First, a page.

Kolmac Outpatient Recovery Centers

The phrase, “treatment works,” is often used to counter the pessimism about recovering from addiction. The version heard at 12-Step meetings is, “it works if you work it.” Seeing the remarkable recoveries that people with substance use and gambling disorders achieve has made my professional life gratifying.

A subset of people who successfully travel the road to recovery have a bumpy ride. For me, one of the most powerful experiences has been listening to, at Alcoholics Anonymous meetings, the stories of people whose early years of recovery were marked by painful relapses, but who went on to decades of abstinence from addictive substances.

At Kolmac, our practice has been to admit almost all comers, but when a pattern of relapse becomes apparent, we would refer the patient to residential rehabilitation in a more restrictive setting. Despite that, some people would still not succeed and others would not agree to go at all. I frequently envied community recovery support groups that continued working with their members during their most trying times.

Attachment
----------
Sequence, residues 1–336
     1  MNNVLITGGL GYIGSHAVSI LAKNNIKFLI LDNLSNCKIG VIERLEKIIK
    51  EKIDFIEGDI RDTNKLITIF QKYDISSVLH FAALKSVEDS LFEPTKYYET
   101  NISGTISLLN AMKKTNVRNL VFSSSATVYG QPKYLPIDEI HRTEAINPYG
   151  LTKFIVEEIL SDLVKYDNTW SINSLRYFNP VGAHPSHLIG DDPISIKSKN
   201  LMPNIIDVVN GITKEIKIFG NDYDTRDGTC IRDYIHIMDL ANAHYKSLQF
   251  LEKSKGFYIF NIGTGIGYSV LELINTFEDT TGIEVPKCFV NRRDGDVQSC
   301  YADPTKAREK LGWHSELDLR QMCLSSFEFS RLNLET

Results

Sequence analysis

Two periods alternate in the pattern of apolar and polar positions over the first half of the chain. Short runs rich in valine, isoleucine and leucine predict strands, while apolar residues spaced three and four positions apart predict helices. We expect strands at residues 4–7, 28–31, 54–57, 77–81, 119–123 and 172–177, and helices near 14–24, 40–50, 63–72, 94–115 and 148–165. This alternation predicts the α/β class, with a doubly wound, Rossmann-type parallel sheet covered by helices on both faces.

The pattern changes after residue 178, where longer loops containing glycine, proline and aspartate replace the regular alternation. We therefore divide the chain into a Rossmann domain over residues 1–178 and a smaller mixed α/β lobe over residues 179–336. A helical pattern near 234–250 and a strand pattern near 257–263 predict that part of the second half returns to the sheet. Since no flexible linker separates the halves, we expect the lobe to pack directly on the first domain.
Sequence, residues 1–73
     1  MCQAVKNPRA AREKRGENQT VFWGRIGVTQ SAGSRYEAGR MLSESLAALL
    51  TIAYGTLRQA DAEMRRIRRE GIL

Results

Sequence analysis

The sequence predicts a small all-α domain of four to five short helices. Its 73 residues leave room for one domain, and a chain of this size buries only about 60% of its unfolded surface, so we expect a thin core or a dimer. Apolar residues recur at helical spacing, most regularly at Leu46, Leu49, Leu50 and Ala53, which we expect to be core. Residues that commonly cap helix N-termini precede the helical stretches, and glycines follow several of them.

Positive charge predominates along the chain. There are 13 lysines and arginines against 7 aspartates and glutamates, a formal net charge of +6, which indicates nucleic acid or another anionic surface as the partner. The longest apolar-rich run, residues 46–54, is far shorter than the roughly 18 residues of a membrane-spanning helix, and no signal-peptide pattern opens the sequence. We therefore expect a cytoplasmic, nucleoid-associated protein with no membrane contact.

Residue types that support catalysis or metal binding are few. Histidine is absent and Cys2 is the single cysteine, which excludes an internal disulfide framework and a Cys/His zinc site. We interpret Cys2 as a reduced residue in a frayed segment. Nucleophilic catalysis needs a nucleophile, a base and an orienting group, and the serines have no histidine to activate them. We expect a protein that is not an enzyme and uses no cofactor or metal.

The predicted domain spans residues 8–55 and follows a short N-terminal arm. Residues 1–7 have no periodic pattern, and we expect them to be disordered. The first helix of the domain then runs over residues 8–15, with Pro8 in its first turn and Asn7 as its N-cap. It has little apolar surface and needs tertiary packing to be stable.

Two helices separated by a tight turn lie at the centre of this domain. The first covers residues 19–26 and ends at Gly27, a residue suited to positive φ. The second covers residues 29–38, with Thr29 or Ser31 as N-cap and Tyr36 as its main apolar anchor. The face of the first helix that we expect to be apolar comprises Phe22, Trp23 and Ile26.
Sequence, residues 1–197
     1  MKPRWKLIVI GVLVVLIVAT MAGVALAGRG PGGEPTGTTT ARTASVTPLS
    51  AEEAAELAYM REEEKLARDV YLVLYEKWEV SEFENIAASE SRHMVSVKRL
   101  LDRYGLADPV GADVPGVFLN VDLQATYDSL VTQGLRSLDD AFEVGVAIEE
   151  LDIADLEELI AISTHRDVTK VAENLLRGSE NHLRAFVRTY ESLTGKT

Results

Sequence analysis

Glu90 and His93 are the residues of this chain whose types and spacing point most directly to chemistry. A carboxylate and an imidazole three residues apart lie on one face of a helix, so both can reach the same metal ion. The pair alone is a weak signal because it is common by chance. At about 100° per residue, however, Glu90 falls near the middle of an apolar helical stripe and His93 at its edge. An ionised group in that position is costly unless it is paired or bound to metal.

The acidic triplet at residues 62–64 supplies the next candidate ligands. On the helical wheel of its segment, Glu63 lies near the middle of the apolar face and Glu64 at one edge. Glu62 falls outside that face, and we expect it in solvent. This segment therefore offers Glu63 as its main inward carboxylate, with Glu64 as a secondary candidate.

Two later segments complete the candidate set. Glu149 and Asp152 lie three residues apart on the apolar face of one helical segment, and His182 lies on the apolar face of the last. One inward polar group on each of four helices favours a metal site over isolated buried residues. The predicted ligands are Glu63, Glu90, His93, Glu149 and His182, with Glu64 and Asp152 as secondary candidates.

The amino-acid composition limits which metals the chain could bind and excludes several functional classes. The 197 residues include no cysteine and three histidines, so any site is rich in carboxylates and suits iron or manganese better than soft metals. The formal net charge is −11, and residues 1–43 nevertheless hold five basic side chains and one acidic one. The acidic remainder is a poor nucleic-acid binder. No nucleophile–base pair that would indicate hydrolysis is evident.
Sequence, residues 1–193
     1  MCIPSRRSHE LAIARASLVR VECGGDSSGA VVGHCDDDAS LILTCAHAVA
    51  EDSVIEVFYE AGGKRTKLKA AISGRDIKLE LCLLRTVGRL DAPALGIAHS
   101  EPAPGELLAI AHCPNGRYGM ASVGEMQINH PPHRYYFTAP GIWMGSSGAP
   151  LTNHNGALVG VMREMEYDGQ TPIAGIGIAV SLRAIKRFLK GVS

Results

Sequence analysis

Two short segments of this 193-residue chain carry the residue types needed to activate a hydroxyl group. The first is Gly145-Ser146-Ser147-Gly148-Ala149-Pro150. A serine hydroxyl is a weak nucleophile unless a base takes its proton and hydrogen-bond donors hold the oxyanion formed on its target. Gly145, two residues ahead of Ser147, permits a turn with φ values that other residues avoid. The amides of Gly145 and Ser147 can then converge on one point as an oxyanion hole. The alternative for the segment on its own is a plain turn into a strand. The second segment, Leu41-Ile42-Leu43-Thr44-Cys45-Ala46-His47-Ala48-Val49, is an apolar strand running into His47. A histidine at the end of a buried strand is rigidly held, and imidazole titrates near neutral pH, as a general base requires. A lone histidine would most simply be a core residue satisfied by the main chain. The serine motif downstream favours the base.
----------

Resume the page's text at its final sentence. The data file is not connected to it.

This year, we at Kolmac designed a treatment track to do just that. Now, when a pattern of relapse becomes apparent, and if the patient is not in imminent danger of harm, we have them join a group of Kolmac patients also struggling with relapse. They focus on ways to understand and prevent relapse. The group is separated from the rest of our patients because their relapses detract from the treatment experience of patients whose recovery is smoother.

The Kolmac staff and I are finding our work with this group of strugglers very challenging. Most of these patients have already progressed to the point of accepting they have a problem with substances. But they have been using substances to hold at arm’s length the pain of personal issues that, because they are unresolved, reappear with a vengeance. This appears to be a driver behind their repeated relapses.

Despite this complication, most of these people show persistence and determination – the grit – to address these issues and pursue recovery despite the pain. I believe that together we are breaking new ground in using intensive outpatient treatment to extend addiction treatment, and I will update my readers on our progress as we learn more.

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